Posted by: Rob Hof on January 13, 2009
UPDATED: After a two-month search for a new CEO to replace cofounder Jerry Yang, Yahoo has chosen Autodesk Executive Chairman Carol Bartz to get the embattled company back on track. (Full release after the jump. I’m also liveblogging the conference call on the announcement. And here is my follow-up story on what smart folks think Bartz will need to do to turn Yahoo around.)
The appointment of Bartz, initially broken by the Wall Street Journal and Boomtown’s Kara Swisher after Kara first reported last week that Bartz was a strong candidate likely to be the top pick, was confirmed by Yahoo shortly after the stock market close today. Yahoo President Sue Decker, who had been a strong internal candidate and ally of Yang, is leaving. Yang will remain in his former longtime strategy-setting role as Chief Yahoo.
By picking an outsider, Yahoo clearly intends to bring some new thinking into the company. Here’s what Yahoo Chairman Roy Bostock said in a statement:
“She is the exact combination of seasoned technology executive and savvy leader that the Board was looking for, and we are thrilled to have attracted such a world-class talent to Yahoo!. She is admired in the Valley as well as on Wall Street for her deep management expertise, strong customer orientation, excellent people skills, and firm understanding of the challenges facing our industry. Carol meets all of the criteria we set for the search and is the only person to whom we offered the job. The Board is united in its view that her energetic and decisive leadership style, coupled with a proven track record of driving growth, operational excellence and shareholder value, is exactly what Yahoo! needs to get back on a path toward achieving its full potential.”
It has been nearly a year since Microsoft launched an unsolicited $31-a-share bid for Yahoo, which the Internet icon repeatedly rejected to investors’ dismay. Yahoo’s stock, which stood at about $20 a share a year ago, had dropped to around $12 in recent months. Even after the Bartz news was reported this morning Pacific time, Yahoo’s stock was down a fraction on a relatively flat day so far for the overall market (though it was rising after-hours 2% to 3%).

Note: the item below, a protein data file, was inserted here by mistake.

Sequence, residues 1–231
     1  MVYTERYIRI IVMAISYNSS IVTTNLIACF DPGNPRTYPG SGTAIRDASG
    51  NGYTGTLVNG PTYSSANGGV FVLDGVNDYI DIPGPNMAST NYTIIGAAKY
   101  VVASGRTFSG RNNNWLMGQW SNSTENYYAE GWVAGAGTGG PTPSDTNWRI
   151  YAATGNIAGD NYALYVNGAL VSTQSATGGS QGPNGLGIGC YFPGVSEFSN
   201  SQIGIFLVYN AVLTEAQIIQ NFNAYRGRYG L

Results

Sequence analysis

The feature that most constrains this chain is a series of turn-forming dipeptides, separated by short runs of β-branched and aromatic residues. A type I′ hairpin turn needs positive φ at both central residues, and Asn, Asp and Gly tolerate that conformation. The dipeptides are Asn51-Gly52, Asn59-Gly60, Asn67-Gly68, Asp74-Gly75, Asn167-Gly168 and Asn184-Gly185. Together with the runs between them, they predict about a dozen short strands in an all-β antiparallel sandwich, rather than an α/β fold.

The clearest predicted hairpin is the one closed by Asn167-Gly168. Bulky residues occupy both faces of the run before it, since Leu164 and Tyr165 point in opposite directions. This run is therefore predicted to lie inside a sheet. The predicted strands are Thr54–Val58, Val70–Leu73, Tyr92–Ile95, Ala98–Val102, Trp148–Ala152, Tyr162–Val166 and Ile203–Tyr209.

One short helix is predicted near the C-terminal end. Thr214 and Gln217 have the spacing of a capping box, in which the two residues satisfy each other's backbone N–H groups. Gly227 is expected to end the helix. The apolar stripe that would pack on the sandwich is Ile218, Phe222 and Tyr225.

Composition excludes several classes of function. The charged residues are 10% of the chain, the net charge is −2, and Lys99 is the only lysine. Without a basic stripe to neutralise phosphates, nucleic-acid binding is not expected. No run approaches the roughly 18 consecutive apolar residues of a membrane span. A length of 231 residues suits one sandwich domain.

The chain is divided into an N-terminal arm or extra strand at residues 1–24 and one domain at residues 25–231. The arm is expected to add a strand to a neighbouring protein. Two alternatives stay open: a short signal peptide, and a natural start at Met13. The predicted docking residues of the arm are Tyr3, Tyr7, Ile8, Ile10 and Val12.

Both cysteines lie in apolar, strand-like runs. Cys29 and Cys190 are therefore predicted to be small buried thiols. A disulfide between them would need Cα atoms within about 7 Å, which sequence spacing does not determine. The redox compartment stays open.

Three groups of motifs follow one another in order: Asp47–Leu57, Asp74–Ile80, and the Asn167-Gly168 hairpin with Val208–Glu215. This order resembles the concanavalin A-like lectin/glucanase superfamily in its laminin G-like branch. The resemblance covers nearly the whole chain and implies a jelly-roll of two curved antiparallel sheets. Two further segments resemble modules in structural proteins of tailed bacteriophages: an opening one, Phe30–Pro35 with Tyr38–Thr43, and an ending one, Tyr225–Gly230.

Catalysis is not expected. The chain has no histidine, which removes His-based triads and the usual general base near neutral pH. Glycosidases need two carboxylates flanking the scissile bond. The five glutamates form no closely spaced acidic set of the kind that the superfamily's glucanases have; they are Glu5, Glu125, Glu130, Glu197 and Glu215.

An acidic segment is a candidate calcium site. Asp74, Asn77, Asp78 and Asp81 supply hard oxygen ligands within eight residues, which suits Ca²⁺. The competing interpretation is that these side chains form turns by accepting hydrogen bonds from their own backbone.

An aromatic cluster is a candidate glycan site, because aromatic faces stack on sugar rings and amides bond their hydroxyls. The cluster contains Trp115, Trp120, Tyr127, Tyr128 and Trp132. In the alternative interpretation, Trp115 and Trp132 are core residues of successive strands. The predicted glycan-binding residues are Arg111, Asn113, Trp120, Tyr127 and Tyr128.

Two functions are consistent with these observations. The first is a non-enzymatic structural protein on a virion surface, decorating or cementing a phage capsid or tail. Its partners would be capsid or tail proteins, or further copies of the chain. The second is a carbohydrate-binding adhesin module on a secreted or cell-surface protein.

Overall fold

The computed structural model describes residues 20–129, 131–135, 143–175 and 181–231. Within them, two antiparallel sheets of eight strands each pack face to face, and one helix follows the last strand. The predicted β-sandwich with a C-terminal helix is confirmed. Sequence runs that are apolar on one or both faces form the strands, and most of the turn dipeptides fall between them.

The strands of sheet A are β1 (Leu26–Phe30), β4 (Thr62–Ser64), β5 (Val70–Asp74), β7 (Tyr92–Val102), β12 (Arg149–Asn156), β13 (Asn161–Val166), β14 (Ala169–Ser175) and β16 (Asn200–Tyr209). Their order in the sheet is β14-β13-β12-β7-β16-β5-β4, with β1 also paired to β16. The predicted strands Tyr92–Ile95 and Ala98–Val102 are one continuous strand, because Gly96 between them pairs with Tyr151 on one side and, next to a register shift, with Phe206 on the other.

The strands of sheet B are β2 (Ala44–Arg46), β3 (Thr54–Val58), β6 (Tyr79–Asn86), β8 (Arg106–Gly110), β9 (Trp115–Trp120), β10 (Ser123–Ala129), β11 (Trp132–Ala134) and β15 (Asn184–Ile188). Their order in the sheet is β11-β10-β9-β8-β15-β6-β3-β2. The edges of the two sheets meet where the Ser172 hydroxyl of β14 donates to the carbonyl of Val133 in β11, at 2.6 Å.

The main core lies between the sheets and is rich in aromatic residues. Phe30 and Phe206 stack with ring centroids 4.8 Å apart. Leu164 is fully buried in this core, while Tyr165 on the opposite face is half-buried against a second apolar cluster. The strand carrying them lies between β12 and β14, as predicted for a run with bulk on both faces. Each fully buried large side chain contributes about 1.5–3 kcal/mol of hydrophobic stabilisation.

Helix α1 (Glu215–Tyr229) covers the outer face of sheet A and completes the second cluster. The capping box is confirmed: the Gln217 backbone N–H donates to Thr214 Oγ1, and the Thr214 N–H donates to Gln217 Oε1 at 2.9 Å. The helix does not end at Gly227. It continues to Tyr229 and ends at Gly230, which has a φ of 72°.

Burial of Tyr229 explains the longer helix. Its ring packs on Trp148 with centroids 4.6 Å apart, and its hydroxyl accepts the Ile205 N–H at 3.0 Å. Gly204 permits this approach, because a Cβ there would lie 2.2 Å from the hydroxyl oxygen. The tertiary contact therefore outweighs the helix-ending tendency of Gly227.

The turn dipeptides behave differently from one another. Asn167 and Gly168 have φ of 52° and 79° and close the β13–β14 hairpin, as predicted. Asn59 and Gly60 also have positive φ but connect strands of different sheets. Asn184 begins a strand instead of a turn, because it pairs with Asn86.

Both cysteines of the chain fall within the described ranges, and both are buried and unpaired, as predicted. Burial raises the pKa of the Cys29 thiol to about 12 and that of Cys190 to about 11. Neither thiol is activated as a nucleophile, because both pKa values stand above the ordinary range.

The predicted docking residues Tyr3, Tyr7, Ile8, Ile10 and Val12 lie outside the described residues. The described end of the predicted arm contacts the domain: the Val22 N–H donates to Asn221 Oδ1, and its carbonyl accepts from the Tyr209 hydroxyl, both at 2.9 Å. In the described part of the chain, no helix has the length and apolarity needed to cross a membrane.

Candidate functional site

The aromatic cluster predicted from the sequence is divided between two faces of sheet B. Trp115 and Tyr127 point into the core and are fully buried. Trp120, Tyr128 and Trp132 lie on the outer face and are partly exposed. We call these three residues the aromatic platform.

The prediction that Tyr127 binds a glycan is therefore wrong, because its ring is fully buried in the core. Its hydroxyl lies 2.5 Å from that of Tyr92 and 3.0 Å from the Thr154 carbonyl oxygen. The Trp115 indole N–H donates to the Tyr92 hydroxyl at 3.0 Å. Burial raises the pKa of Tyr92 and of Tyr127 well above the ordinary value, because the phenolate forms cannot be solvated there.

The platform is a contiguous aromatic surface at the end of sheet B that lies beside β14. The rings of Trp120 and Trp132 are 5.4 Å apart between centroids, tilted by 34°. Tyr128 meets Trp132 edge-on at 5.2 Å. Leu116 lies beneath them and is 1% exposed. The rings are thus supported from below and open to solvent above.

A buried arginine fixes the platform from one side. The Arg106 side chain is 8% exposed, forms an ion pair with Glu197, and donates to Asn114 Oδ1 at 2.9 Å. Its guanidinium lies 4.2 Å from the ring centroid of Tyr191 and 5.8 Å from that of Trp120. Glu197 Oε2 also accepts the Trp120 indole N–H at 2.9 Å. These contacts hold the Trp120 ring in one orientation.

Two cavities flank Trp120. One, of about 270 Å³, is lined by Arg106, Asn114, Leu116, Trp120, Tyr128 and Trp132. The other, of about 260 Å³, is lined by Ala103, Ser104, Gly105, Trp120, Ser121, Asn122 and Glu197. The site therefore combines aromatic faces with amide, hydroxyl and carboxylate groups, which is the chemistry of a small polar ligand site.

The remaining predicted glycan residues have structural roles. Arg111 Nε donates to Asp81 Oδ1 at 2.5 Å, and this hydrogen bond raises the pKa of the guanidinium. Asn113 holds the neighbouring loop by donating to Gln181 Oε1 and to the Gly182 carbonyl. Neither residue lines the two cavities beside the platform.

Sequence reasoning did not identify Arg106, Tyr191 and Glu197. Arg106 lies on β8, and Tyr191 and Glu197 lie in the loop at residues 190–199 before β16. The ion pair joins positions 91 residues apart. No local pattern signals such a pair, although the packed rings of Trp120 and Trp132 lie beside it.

The seeming lack of confidence may be surprising, since the CEO pick was a big uncertainty for the company. What’s more, by many accounts, Bartz is a strong leader of the kind Yahoo clearly can use.
But investors hate uncertainty, and for now, that’s what Bartz’s appointment brings. Her age (60) and the fact that she stepped back from the CEO job at Autodesk awhile ago could indicate to some that she’s not likely to be a longtimer at Yahoo, which leads some such as TechCrunch to speculate she’s dressing Yahoo up for a sale of part or all of the business.
But with Microsoft playing hard-to-get lately, and perennial rumors of a Yahoo-AOL linkup never coming to anything, the prospects for investor-pleasing deals remain way up in the air. And some analysts doubt that Bartz came on merely to downsize or sell the company. “It makes a declarative statement that that they’re going to go it alone,” says Neil Sims, managing director at the executive search firm Boyden. “If the board wanted to sell off the company, there are others who would be more well-suited to do that.”
What’s more, a longtime colleague and friend thinks Bartz wouldn’t have taken the job with less than the five-year commitment required to turn the company around completely. “Carol doesn’t do anything for a short period of time,” says Bill Coleman, CEO of software firm Cassatt, who worked with and for Bartz at Sun Microsystems and appointed her to the board of BEA Systems when he was CEO there. He thinks she was ready a year and a half after leaving the Autodesk CEO spot to get back in the game.
One thing does seem clear from her appointment: Yahoo aims to continue its emphasis, begun when it appointed Yang CEO in mid-2007, of beefing up Yahoo’s technology chops. Bartz, after all, is a techie through and through, from her college degrees to the companies she worked at. “It’s a pretty clear sign of where Yahoo wants to go—which is to be a software company,” says Gartner analyst Allen Weiner.
A tech industry veteran who previously worked at Sun Microsystems and currently sits on the boards of Intel and Cisco, Bartz was CEO for 14 years at Autodesk, during which she is largely credited with diversifying the design-software firm’s products so it could grow to a billion-dollar company and cutting costs quickly during the 2001 tech downturn.
She’s also precisely the kind of CEO Yahoo sources said they were looking after Yang said he would be stepping down: a strong operational manager who has been a CEO at a midsize company, not so much a strategist and not necessarily someone with media or Internet experience.
Bartz will face many challenges, not the least of which is that very lack of experience in Yahoo’s core online media business. With no Internet media experience, Bartz may need a strong No. 2 who does know that fast-changing industry. Kara Swisher, in fact, hears that it’s likely she will appoint someone with just those credentials.
Bartz also must contend with a Microsoft that continues to loom in the shadows. Despite the software giant’s repeated vows that it’s not interested in a full buyout of Yahoo, CEO Steve Ballmer has continually hinted that he might be interested in a search deal of some kind, which Yahoo also rejected last year. And a new CEO who isn’t closely tied to a cofounder like Yang (despite her serving on Intel’s board with him) would suggest a new chance for Microsoft to come back with an offer.